Taiwan and China, which are 160km apart, agreed in November to the new routes that include 108 direct daily flights a week, 60 cargo flights a month and a raft of sea routes.
The new links will end the costly delays of having to go via a third country’s air space or territorial waters, while also providing one of the most tangible signs of renewed ties.
China has affirmed its sovereignty over self-ruled Taiwan since 1949 and vowed to bring the island under its rule.
Tensions brought the two sides repeatedly on the brink of war over the last 60 years in what is considered potentially one of the most dangerous flashpoints in Asia.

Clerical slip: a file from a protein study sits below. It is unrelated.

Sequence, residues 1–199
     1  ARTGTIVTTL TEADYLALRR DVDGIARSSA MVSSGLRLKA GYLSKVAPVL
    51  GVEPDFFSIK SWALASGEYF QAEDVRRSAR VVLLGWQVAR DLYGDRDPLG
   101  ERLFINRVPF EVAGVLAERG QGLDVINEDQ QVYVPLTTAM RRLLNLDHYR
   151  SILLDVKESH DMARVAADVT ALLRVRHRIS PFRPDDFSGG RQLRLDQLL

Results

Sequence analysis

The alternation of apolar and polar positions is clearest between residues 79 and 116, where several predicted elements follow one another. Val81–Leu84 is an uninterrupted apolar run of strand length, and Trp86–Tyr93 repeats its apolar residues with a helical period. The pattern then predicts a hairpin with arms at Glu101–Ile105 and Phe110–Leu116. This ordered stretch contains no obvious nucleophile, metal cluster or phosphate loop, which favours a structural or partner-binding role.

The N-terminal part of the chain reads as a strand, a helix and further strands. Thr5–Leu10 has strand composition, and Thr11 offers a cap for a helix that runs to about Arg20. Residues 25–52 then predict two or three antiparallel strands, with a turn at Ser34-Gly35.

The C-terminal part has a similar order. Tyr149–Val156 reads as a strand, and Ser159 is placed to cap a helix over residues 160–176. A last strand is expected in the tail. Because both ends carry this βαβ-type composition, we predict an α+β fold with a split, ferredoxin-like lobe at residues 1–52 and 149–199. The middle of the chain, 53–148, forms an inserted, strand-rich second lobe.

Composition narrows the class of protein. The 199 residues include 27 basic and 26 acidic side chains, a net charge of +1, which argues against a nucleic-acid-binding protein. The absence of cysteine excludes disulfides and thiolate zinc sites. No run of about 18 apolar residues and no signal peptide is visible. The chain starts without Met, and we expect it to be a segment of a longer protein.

Ma’s election changed the political atmosphere and top officials from both sides met in June for the first direct talks in 10 years.
The meeting led to the launching of regular flights along with other measures to increase tourism.
Taiwan expects ocean shippers to save $1.2bn-a-year and air passengers to save at least $3bn annually while direct postal links are expected to cut current delivery time.
Annual trade between China and Taiwan is currently worth around $ 100bn a year.